In the late 1300s, there was a craze called “Dancing Mania” in Europe. People would dance in the streets for hours on end, spinning, stepping, and skipping with wild abandon. Some were even dancing because they believed it was the only way to avoid dying from a poisonous spider bite.
In some places, “Dancing Mania” continued through the late 1600s. And the only dance that we’re sure survived from that era is the tarantella. The dance is called “tarantella” because, according to lore around the dance, its origin was as the only cure for the bite of a tarantula, or wolf spider.
The tarantella has its origins in Italy, although other nations have dances similar to it. It was considered unlucky to dance the tarantella alone, according to writer Johann W. on Goethe. In 1789 he wrote about seeing the tarantella performed by three young women in Naples, Italy. One woman played the tambourine and two played the castanets while spinning around and stepping. When one of the women playing the castanets got tired, she traded places with the woman playing tambourine, and the dance continued for hours and hours.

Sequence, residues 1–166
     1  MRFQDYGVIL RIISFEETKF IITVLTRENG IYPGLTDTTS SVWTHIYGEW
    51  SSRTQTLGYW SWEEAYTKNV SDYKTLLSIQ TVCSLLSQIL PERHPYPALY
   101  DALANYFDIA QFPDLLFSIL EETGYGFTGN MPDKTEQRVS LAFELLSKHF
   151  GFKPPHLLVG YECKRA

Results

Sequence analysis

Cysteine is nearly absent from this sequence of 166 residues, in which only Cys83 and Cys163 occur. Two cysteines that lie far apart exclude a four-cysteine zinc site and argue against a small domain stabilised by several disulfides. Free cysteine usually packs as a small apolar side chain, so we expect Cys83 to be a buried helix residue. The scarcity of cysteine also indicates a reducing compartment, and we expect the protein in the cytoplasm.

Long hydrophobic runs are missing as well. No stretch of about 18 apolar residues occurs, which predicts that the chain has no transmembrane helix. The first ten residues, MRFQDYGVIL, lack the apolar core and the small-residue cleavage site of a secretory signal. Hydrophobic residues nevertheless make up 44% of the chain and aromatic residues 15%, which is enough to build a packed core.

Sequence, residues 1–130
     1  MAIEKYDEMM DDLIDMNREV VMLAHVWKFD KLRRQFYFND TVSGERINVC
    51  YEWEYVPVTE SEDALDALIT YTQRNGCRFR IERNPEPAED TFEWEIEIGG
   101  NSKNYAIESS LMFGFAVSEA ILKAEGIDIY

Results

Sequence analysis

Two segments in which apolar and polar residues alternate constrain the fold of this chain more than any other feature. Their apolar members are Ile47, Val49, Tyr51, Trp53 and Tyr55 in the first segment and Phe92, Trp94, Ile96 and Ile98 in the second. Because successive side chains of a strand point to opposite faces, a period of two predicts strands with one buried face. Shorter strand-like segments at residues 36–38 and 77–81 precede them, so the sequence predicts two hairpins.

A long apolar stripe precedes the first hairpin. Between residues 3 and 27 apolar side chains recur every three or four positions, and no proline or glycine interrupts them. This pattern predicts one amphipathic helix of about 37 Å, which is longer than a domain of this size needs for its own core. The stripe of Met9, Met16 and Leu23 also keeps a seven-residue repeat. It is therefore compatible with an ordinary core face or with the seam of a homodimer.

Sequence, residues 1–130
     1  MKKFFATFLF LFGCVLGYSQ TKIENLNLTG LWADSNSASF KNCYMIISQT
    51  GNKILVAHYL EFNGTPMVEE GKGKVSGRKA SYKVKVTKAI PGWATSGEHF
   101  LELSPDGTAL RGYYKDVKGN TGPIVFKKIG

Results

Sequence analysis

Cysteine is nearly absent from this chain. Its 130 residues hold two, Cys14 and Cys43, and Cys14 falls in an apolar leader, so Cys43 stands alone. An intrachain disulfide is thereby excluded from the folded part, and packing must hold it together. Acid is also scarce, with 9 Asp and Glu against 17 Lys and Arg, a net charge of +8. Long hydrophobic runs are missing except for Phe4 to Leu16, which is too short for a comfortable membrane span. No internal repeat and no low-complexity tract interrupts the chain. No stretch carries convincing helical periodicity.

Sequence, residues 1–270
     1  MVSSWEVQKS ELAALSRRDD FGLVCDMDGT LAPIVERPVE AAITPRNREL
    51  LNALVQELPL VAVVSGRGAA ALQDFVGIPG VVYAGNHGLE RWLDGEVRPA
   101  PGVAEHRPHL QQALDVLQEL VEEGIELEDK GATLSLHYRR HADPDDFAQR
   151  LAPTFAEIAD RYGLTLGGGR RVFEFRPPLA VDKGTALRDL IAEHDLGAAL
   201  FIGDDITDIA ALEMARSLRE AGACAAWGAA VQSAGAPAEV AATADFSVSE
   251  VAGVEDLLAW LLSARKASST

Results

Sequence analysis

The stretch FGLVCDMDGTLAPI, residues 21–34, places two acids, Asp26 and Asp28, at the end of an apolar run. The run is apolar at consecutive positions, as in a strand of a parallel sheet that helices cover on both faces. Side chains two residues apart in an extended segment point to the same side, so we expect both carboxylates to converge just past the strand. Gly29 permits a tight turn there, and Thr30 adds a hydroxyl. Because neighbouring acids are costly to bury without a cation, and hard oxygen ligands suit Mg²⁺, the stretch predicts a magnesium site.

Other writers describe the tarantella as an energetic and flirtatious dance for one or more couples, which is historically more common of dances from that era. There are many variations of the dance. In the 1800s, Madame Michau, a choreographer in Europe, created a version that became very popular at high society balls in England in the 1840s.
The tarantella is still danced today. It is very popular at Italian weddings, both in Italy and the United States.